Closing the southern border could cost $2.5 billion a week: Wells Fargo


In a Yahoo! News article, reporter Sibile Marcellus discusses the possible effect and the ramifications of our trade relationship between the US and Mexico should the Trump Administration impose tariffs on imports.  To date the article has received 668 remarks including:

“Wells Fargo, wasn’t that the bank who was just fined for cheating their customers.” And, “Trade in transportation equipment between both countries was particularly robust… the U.S. brought in $120 billion worth of transportation goods and exported $33 billion…not sure I’d refer to a 4-1 deficit as “robust”, lopsided might be a better term.”  

What the article doesn’t explore is though their might be a short-term strain on our economy, there would be a long-term gain of commerce in product and job creation in the States due to the opportunity for US-based vendors supplying these automobile products and services.  Let’s face it…Mexico has everything to lose here.   Here’s the article:

President Trump threatened to close the U.S.-Mexico border to punish Mexico for the inflow of illegal immigrants coming into the U.S. He has since backed off that threat: on Thursday Trump said he would give Mexico one year to stop the flow of migrants (and illegal drugs) entering the U.S. before imposing tariffs or closing the southern border, caving to pressure from inside his own party and the business community to keep it open.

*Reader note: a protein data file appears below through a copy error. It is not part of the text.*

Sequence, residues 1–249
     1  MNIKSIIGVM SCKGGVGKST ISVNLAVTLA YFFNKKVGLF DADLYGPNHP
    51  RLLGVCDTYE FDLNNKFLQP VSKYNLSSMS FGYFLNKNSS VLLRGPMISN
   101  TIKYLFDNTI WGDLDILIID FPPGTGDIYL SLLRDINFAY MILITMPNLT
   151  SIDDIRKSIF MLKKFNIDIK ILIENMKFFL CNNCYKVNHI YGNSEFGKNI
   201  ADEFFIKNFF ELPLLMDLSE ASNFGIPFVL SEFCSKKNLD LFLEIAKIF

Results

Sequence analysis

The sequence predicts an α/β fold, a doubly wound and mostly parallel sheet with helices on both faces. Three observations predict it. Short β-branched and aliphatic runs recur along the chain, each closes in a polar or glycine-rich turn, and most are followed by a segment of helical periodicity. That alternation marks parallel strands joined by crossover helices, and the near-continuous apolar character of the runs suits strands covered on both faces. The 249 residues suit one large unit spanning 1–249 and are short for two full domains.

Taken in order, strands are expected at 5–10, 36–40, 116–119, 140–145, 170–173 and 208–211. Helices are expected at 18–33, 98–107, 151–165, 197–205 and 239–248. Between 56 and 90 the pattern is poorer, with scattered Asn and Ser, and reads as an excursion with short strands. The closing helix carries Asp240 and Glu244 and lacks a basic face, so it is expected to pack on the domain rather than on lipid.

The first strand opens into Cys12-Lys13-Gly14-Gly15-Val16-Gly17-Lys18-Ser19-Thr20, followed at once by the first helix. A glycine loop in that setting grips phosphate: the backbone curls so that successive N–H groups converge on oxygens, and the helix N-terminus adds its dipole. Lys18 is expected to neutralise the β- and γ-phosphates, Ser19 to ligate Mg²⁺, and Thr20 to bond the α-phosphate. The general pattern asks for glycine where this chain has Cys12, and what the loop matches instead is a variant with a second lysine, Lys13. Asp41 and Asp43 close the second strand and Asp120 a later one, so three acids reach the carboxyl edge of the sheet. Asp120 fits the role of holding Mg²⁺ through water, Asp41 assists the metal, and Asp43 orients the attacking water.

On Friday, Trump was on his way to look at a section of the border wall being built.

Though it seems unlikely Trump would follow through on this threat, Wells Fargo took a look at the fallout from a potential border closure. It wouldn’t trigger a recession, but Wells Fargo says a prolonged border shutdown could cripple the American auto industry and bring the U.S. economy to its knees by disrupting trade.

In 2018, the U.S. imported over $346 billion of goods from Mexico and exported a total of $265 billion to Mexico. Trade in transportation equipment between both countries was particularly robust. The U.S. brought in $120 billion worth of transportation goods and exported $33 billion south of the border. The majority of the goods the U.S. received from Mexico were auto imports.

Well Fargo’s chief global economist Jay Bryson points out that because $64 billion of these imports were finished vehicles and about $50 billion were auto parts, closing the border could cripple the U.S. car industry. Productions of vehicles in American factories would come to an abrupt stop if car makers couldn’t import those auto parts. Other industries could also be impacted because the imports of computer and electronic products from Mexico was roughly $65 billion last year.

The U.S. auto industry has about 1 million people on its payroll, which translates to 0.7% of total payrolls. American computer and electronic product manufacturers hire roughly the same amount of people. If these two industries can’t import auto and computer parts from Mexico, these workers could be out of work, according to Wells Fargo.

In 2017, the real value added for the auto industry, meaning the difference between the price of a product and the cost of producing it, was close to $130 billion. According to Wells Fargo, that represented 0.7% of all of the real value added to the U.S. economy during that year.

If a border closure leads to the suspension of car production in the U.S., Wells Fargo says the economy would take a hit of roughly $2.5 billion every week.

  • 04/05/2109
  • Sibile Marcellus